Eight editors from El Camino College’s literary arts journal, the Myriad, have been working on publishing the 60th anniversary of the magazine’s first issue by designing layouts and templates on the graphic design website, Canva.
Every Wednesday, the editors for the Myriad meet on the third level of the Humanities Building in a workshop that takes the guise of an English 98 class.
While in class, the editors discussed how poems should be formatted and referred to prior publications for inspiration.
Jenny Hoang, a 19-year-old graphic design student and an editor for the art journal this semester, presented the formatting she had created for the Myriad in front of the class.
“Within the writing, authors have their own way of dividing things,” Hoang said.
Canva was being utilized for the first time for this publication. The editors spent the class period familiarizing themselves with the site.
“We publish student work which includes writing, artwork, photography. We’re basically just a chance for the campus to show off their creative talents,” Hoang said.
Hoang said the Myriad is a good opportunity for students to share their artwork as it gives them a sense of legitimacy for their art.
“Some people have never been published before, some people have never really had their art in a gallery and this is a really cool stepping stone and a good place to start in getting their work out there,” Hoang said.
Although editors don’t have specific delegated roles, they all work together on managing the publication.
“I’m leading the cover art and do most of the social media on Instagram and personally I do a lot of personal promotion. Promotion design is where a lot of my role lies, Hoang said.”
At the start of the year, Hoang was looking through the list of clubs at El Camino, and came across the Myriad, which she said sounded just like what she was looking for.
Part of what attracted Hoang to the myriad was their emphasis on diversity. According to the Myriad website, the literary arts journal is a reflection of the multifaceted diversity that’s represented at El Camino College.
“I remember reading the editions from the ’80s and there was a story of a Palestinian immigrant and her experience in an immigration center. I thought the story was very heartfelt and emotional and gave me an appreciation for that topic,” Hoang said.
Anna Mavromati Duncan, a first-year faculty advisor for English 98 and alumni from El Camino College supported the editors while guiding and facilitating them in the process.
“I was involved in the Myriad as well as student publications here at El Camino such as The Union. When I was in [California State University] Long Beach I helped in creating their version of the Myriad,” Duncan said.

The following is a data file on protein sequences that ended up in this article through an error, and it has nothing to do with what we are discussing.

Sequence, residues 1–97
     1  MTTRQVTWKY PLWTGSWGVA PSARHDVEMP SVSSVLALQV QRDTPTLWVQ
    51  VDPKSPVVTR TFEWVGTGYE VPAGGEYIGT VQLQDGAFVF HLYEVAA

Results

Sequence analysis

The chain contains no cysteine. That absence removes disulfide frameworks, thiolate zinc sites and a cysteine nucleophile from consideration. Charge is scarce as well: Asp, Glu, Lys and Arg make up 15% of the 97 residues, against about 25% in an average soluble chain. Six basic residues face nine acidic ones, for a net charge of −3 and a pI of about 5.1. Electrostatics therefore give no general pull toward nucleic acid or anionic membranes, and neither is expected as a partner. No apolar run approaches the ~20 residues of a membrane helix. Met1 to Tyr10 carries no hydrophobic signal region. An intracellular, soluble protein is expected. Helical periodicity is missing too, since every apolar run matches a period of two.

While the Myriad is generally aimed at El Camino College students, staff and faculty still play a role in bringing the art journal to life.
“The journal showcases students’ work and keeps the focus on students and the El Camino College community,” Duncan said.
Duncan said as the magazine’s advisor, she took on a leadership position. She learned how to manage and balance her time while allowing students to create art.
Jennifer McDonald, an editor for the magazine created the Discord social hub for the Myriad where members of the El Camino College community can join in and talk about the publication.
“Myriad is a chance for students to get involved not just in writing but for arts and poetry as well and to get published or get a peek of what it’s like to get published as a writer,” McDonald said “This is my first time on the Myriad because we’re an actual class. This class is very helpful to my field and a good experience.”
All submissions for the Myriad were due on April 17 and editors must submit their final page drafts by May 11.
Devin Olsen, a first-time editor for the magazine, is considering submitting a screenplay or a short story to the Myriad.
“Right now we’re just making the templates for the actual magazine itself. We’re mainly just making sure everything’s all good, and if there are errors that we can fix them while still maintaining with the creative work were intended to,” Olsen said.
Olsen has promoted the Myriad using his social media platforms targeting clubs at the college and his peers who attend El Camino and are also fans of various types of artwork.
With submissions all rolled in, the Myriad’s physical magazine issue is scheduled to be published on Thursday, June 2.
“I think reading and looking at art, in general, is a really good way to expand your perspective. Students looking at a campus creative journal specifically give them a border awareness of a sense of community and diversity,” Hoang said.